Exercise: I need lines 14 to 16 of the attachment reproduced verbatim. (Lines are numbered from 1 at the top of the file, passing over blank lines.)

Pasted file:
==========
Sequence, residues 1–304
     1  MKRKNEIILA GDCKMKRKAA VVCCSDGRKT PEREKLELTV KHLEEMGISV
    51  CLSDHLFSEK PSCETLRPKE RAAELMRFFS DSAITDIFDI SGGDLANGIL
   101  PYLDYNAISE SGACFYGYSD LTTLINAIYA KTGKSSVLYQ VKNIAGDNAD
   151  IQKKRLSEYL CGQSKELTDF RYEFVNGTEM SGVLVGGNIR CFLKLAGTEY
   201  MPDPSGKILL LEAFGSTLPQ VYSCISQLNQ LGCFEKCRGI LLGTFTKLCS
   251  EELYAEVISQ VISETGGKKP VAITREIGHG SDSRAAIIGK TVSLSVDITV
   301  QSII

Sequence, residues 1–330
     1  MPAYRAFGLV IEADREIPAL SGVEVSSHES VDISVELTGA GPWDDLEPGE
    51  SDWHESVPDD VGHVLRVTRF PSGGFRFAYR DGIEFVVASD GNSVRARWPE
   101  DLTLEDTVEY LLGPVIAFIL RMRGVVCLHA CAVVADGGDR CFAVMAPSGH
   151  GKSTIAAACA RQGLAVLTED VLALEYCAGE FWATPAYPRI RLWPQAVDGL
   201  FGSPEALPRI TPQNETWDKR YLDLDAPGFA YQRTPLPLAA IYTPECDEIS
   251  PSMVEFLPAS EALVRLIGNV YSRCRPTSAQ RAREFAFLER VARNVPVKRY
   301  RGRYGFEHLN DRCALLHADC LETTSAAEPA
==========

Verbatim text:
   201  FGSPEALPRI TPQNETWDKR YLDLDAPGFA YQRTPLPLAA IYTPECDEIS
   251  PSMVEFLPAS EALVRLIGNV YSRCRPTSAQ RAREFAFLER VARNVPVKRY
   301  RGRYGFEHLN DRCALLHADC LETTSAAEPA